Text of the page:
Time Machine Dilemma: It's 1986 and You Have Enough Money For a New Chevette. What Do You Buy?
After last week’s Time Machine Dilemma (in which you emerged from your time machine in 1973, on Auto Row and with enough cash to buy a new Ford LTD), I thought of doing a 1974 Oil Crisis Diminished Expectations Economy Car Time Machine Dilemma. However, the really challenging econobox-shopping decisions came a bit more than a decade later, when the Hyundai Excel and Yugo GV arrived in a marketplace full of Japanese subcompacts duking it out for supremacy and Detroit trying to stay relevant. Yes, 1986! So, you exit your time machine in front of the Chevrolet dealership with $5,645 in your pocket. That’s enough to buy a new Chevette at full list price (the out-the-door-price would almost certainly be lower, but we’ll go with MSRP for this exercise). Do you get the antiquated-but-simple rear-drive Chevy for your penny-pinching commuter… or something else? Let’s look at your choices.
It turns out that the Chevette (which was on its second-to-last model year in 1986) was priced higher than much of its competition. How much higher? Let’s take a look at some prices for ’86 Chevette competitors, according to the prices in the Standard Catalogs or the NADA Classic Cars site.
But first, we’ll look at an example of Chevette pricing in action. Here’s an ad for the ’85 Chevette, which listed at $5,340. Yep, $4,993. Just keep that in mind when you start looking for a place to spend your $5,645 in 1986.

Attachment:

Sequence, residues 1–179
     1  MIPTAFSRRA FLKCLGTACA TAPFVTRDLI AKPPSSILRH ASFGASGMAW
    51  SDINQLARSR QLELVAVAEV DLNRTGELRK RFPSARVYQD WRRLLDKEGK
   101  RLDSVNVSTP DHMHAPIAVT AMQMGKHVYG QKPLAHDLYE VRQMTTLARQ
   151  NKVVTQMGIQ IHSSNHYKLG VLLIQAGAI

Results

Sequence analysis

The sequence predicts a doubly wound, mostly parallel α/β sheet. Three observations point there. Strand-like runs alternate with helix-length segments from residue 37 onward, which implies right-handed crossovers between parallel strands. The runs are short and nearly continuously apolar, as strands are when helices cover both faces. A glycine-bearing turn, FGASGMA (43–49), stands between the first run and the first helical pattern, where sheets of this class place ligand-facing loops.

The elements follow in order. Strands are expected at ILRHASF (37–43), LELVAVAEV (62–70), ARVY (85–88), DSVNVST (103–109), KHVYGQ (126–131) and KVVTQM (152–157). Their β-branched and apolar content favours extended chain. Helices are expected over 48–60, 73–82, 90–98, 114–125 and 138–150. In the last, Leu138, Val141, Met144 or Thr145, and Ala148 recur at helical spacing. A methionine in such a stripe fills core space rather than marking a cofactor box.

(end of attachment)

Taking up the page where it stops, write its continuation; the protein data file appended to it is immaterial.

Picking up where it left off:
Chevrolet Sprint: $5,380
Dodge/Plymouth Colt E: $5,372
Honda Civic hatchback: $5,479
Hyundai Excel: $4,995
Mazda 323: $5,645
Nissan Sentra: $5,499
Pontiac 1000: $5,749
Subaru Justy STD: $4,989
Toyota Tercel hatchback: $5,448
Yugo GV: $3,990
Having owned quite a few ’86 Tercels and Civics, I think I’d buy… the Mazda 323. The Tercel would last forever, regardless of abuse, and the Civic would get 45 MPG, but the 323s of this era were more fun to drive and held together pretty well.
Murilee Martin is the pen name of Phil Greden, a writer who has lived in Minnesota, California, Georgia and (now) Colorado. He has toiled at copywriting, technical writing, junkmail writing, fiction writing and now automotive writing. He has owned many terrible vehicles and some good ones. He spends a great deal of time in self-service junkyards. These days, he writes for publications including Autoweek, Autoblog, Hagerty, The Truth About Cars and Capital One.
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